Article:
Providing proper mental and physical stimulation, along with positive reinforcementdog training, can help address this type of coprophagia.
Certain medical conditions can contribute to coprophagia in dogs. For example, malabsorption disorders, thyroid disease, or pancreatic insufficiency may result in poor nutrient absorption, leading dogs to search for alternative sources of nutrition.
Additionally, conditions that cause increased appetite or changes in digestive enzymes can contribute to the behavior. If you suspect an underlying medical condition is to blame for your dog's coprophagia, consult your veterinarian for a thorough evaluation.
In some cases, maternal instincts play a role in coprophagia. A mother dog may eat the droppings of her puppies to keep their immediate environment clean and protect them from predators. This behavior usually subsides as the puppies grow and become capable of eliminating waste on their own.
How To Kick Your Pup's Stool-Eating Habit
If your pup's coprophagia has you stumped, fear not — there are things you can take to help break the habit. Here are some tips:
Keep the Environment Clean
One of the simplest ways to discourage coprophagia is to ensure your dog's environment is clean and poop-free. Promptly clean up after your pup in the yard and remove any feces they encounter during walks. Removing the temptation eliminates the opportunity for them to engage in this behavior.
Supervise and Distract
When spending time outdoors with your dog, keep a close eye on them. If you notice them showing interest in poop, immediately redirect their attention to a more engaging and positive activity. Offer them a pet-safe toy to play with or initiate a game of fetch to divert their focus away from the poop.
Provide Proper Nutrition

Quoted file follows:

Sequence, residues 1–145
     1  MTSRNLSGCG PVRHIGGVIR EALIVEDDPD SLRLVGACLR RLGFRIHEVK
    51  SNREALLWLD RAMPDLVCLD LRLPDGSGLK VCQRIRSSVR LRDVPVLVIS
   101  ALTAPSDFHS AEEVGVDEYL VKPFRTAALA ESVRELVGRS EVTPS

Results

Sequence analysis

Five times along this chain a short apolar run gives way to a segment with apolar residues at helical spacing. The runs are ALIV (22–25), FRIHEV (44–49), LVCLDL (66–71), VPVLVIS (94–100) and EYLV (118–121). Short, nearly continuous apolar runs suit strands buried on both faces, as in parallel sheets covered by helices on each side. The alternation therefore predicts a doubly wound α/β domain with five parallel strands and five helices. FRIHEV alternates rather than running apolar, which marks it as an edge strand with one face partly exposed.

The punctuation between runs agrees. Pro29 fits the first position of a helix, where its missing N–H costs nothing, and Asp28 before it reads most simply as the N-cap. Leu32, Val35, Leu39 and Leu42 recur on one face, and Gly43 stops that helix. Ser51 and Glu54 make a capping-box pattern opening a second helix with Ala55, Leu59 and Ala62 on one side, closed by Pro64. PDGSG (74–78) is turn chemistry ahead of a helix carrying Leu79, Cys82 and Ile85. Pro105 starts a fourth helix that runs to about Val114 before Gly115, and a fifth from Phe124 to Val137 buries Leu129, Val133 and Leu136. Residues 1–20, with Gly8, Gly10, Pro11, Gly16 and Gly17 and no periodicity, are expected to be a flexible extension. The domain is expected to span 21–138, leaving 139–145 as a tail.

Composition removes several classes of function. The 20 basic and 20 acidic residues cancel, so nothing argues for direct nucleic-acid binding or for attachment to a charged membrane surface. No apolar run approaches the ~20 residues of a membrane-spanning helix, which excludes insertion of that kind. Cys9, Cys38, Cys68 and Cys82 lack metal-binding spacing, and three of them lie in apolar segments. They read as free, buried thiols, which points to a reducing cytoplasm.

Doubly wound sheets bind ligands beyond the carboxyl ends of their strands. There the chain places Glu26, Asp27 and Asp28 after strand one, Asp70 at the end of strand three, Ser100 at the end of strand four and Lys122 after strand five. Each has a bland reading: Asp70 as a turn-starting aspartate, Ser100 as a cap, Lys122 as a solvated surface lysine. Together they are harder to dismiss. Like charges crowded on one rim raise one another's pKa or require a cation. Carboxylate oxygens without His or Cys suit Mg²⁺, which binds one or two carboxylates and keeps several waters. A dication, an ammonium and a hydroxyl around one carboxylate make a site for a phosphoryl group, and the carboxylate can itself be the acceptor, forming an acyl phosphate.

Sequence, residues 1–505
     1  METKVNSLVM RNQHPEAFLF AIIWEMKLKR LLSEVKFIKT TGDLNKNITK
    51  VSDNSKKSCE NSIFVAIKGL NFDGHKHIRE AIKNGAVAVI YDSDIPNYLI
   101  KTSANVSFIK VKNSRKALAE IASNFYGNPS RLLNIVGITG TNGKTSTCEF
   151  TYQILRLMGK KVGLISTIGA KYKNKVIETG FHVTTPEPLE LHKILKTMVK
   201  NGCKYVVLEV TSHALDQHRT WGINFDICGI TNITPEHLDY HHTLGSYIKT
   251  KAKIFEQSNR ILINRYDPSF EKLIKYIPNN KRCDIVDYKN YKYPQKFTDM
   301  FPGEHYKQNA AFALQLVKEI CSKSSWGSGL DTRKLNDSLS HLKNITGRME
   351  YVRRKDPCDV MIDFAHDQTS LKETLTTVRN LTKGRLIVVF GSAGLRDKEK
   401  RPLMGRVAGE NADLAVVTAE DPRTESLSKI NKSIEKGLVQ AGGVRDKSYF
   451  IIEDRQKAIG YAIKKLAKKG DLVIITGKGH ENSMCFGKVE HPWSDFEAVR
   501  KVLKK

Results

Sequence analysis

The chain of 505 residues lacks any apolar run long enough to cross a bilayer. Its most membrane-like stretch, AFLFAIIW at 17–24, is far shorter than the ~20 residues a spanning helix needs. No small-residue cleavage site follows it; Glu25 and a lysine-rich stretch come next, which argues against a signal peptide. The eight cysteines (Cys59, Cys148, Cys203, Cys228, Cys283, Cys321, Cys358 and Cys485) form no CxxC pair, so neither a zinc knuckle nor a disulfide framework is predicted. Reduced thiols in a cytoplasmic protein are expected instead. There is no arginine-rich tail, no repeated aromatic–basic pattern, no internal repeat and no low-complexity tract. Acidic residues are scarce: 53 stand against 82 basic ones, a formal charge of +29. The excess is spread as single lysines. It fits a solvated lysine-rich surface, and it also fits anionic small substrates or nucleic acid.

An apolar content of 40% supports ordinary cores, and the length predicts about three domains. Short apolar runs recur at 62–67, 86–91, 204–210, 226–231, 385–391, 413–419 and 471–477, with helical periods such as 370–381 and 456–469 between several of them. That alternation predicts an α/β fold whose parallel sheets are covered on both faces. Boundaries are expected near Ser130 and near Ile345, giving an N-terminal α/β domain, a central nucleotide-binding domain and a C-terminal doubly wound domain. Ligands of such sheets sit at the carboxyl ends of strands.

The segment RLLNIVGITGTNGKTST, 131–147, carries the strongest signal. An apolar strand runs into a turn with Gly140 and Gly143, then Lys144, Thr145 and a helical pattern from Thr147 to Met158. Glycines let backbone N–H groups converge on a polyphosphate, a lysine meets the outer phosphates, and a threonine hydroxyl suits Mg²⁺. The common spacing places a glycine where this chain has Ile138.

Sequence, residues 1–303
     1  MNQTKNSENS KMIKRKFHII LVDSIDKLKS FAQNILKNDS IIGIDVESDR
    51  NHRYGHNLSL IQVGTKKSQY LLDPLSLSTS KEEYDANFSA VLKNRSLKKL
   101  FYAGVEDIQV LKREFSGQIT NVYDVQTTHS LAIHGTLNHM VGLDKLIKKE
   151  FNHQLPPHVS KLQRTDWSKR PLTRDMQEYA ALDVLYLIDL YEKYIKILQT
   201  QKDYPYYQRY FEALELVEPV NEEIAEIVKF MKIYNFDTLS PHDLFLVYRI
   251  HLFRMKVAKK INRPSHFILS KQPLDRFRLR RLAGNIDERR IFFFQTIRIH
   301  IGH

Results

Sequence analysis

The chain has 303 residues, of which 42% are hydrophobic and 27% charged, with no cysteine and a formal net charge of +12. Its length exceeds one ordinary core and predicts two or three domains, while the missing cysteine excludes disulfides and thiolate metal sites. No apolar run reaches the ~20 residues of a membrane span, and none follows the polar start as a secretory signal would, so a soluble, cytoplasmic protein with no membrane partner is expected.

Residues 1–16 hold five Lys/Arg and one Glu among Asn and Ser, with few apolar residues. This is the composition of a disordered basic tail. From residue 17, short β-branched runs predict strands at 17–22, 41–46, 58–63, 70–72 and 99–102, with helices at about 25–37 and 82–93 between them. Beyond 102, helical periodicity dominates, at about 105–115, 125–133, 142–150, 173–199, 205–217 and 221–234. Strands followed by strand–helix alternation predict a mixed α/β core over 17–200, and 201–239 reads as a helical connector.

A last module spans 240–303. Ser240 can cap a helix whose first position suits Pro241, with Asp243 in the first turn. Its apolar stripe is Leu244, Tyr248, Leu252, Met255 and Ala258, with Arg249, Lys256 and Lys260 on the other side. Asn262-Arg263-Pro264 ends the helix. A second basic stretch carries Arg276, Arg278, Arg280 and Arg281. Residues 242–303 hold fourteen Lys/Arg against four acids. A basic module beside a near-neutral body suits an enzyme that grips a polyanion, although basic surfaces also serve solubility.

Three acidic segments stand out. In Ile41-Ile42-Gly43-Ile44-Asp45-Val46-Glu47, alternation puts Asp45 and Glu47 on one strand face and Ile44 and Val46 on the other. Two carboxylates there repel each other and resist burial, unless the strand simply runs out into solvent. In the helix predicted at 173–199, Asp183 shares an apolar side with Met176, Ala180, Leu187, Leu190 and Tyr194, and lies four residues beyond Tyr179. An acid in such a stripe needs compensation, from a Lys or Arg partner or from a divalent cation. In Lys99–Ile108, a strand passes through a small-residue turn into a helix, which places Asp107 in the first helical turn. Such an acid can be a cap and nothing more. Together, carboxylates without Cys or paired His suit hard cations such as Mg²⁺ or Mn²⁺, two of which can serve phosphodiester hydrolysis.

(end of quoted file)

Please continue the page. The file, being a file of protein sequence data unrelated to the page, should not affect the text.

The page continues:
A dog's diet can often contribute to coprophagia. Poor-quality kibble can make a dog feel hungry, leading to poop eating, so ensure your dog is fed a nutritious diet that meets its nutritional needs.
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Add Supplements to Their Diet
In some cases, adding certain supplements to your dog's diet may help deter them from eating poop. For example, adding digestive enzymes or probiotics can aid in proper digestion and nutrient absorption, potentially reducing the appeal of feces as a food source.
Note: Always consult with your veterinarian before introducing any supplements to your dog's diet.
Train and Reinforce the "Leave It" Command
Training your pup to respond to the "Leave It" command can be a valuable tool in preventing coprophagia. Start by teaching them the command using treats or toys. Once they have a good handle of the command, apply it to situations where they show interest in poop.
When they listen and divert their attention away, reward them with praise and yummy treats to reinforce the desired behavior.
Increase Exercise and Mental Stimulation
As touched on previously, pups that are bored or under-stimulated may resort to coprophagia as a means of entertainment. Ensure that your dog receives plenty of daily exercise and mental stimulation.
Engage them in interactive play, provide puzzle toys, and consider obedience training or agility classes to keep their minds and bodies active.
Address Underlying Medical Issues
Since coprophagia can be linked to underlying medical issues, it's important to consult your veterinarian to rule out any potential health conditions that may contribute to this behavior. Your veterinarian can conduct a thorough examination, run necessary tests, and provide appropriate treatment if a medical issue is discovered.
Seek Professional Help if Needed
If you've tried various strategies and still struggle to curb your dog's coprophagia, don't hesitate to seek assistance from a professional dog trainer or animal behaviorist. They can provide personalized guidance and develop a tailored training plan to address the specific needs of your dog.
A Final Word
Remember, breaking the habit of coprophagia may require time, patience, and consistency. Stay positive, be persistent in your training efforts, and reward your dog for desired behaviors. With the right approach, good nutrition, and loving guidance, you can help your dog overcome this behavior and enjoy a healthier and happier lifestyle.